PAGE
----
Coronavirus vaccine not the end-all-be-all. We must have a plan for reopening without one.

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Dr. Anthony Fauci and other experts have touted vaccines as the ultimate solution to dealing with the threat of COVID-19.  There are strong reasons to doubt this. The eight vaccine candidates Dr. Fauci described to the Senate  face daunting obstacles on the road from laboratory to final Food and Drug Administration (FDA) approval and mass manufacturing. If one or two vaccines do make it through, it will be a year or more before they are widely available. Even then, the vaccines may not be effective enough or sufficiently utilized to defeat the new illness.

The approval process for vaccines follows the same general FDA pathway as for drugs, including pre-clinical discovery and development and three phases of clinical trials in humans. The process can take over 10 years and cost billions of dollars with less than one in ten candidates making it to market, although vaccines for acute infectious diseases and prophylaxis often do better.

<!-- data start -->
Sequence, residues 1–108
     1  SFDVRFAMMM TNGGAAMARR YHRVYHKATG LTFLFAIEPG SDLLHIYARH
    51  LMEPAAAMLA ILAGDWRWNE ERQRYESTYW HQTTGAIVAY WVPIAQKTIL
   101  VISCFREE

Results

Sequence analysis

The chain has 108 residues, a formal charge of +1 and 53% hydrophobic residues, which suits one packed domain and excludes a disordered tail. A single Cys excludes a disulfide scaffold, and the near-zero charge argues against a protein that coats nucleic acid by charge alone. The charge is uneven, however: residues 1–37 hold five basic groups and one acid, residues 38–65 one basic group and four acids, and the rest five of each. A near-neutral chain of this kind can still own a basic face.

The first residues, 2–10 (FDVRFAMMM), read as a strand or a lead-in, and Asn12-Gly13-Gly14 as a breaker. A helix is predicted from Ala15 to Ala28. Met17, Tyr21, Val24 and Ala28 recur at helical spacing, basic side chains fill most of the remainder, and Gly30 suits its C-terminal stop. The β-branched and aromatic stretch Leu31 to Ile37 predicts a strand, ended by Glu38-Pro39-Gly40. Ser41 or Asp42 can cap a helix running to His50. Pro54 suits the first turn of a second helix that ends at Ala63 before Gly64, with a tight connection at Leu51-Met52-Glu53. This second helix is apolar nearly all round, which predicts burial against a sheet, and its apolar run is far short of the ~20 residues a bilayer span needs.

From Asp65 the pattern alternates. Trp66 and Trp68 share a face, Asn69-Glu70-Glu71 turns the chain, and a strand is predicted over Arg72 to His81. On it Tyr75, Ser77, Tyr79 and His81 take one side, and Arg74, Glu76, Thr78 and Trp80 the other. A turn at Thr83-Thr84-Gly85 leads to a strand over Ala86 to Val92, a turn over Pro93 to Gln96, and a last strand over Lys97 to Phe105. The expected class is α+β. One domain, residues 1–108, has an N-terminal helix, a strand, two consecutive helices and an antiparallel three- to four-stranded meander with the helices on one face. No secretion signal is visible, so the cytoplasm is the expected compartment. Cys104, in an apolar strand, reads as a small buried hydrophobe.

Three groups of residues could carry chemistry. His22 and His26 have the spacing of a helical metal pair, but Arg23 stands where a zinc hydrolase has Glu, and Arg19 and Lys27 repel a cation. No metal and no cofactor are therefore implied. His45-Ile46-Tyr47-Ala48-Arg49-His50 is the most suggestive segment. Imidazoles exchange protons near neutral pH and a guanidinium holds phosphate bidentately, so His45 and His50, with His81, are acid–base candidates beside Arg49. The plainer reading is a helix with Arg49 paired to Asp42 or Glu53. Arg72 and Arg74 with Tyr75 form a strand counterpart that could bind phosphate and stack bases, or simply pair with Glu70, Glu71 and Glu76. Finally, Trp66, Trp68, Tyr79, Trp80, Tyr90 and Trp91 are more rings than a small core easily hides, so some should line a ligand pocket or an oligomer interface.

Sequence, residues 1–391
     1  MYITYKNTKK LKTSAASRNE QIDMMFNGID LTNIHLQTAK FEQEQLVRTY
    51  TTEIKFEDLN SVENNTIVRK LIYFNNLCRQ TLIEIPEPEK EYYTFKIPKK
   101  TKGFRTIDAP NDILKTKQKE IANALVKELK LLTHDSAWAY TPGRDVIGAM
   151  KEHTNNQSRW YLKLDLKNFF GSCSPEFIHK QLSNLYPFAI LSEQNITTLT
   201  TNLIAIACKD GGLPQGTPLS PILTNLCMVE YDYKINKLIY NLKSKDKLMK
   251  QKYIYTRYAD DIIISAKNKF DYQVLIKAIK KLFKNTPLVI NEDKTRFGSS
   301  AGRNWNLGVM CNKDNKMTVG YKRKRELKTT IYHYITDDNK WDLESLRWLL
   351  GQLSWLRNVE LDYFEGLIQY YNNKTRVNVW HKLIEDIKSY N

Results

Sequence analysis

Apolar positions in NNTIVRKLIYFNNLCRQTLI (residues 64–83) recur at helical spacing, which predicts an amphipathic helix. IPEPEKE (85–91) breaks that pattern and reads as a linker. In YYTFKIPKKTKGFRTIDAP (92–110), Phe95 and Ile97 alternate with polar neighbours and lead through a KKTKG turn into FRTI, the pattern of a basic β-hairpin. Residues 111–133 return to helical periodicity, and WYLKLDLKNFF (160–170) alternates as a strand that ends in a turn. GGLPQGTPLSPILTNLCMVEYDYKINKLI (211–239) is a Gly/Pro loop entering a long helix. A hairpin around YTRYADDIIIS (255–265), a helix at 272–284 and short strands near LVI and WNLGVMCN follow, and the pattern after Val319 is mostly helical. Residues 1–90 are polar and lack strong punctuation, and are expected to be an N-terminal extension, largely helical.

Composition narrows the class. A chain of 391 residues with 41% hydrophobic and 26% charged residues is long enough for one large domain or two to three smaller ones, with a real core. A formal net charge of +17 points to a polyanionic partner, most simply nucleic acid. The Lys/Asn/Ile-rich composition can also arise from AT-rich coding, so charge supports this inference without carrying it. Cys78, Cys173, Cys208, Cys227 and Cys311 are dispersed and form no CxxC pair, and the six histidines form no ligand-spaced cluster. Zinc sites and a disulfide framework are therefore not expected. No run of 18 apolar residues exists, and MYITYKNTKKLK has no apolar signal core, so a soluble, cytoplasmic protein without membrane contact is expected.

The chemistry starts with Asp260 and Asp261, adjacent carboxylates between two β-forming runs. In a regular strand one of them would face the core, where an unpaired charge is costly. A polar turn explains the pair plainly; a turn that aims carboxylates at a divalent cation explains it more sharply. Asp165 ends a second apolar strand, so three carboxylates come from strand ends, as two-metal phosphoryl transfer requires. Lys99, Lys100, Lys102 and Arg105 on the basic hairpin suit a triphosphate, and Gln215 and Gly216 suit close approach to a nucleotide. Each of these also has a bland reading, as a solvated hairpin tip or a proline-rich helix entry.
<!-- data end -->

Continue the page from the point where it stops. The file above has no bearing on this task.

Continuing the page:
We’re making progress, but not as much as many might like

The speed of pre-clinical development for COVID-19 vaccines has been unprecedented — Moderna’s innovative m-RNA platform moved from receiving the coronavirus genome to having a testable vaccine in 44 days. But as Dr. Fauci emphasized, even if everything goes perfectly during clinical trials, there are another 6-12 months to go until approval, and additional time will be needed to ramp up production.

Read the full article on USA Today.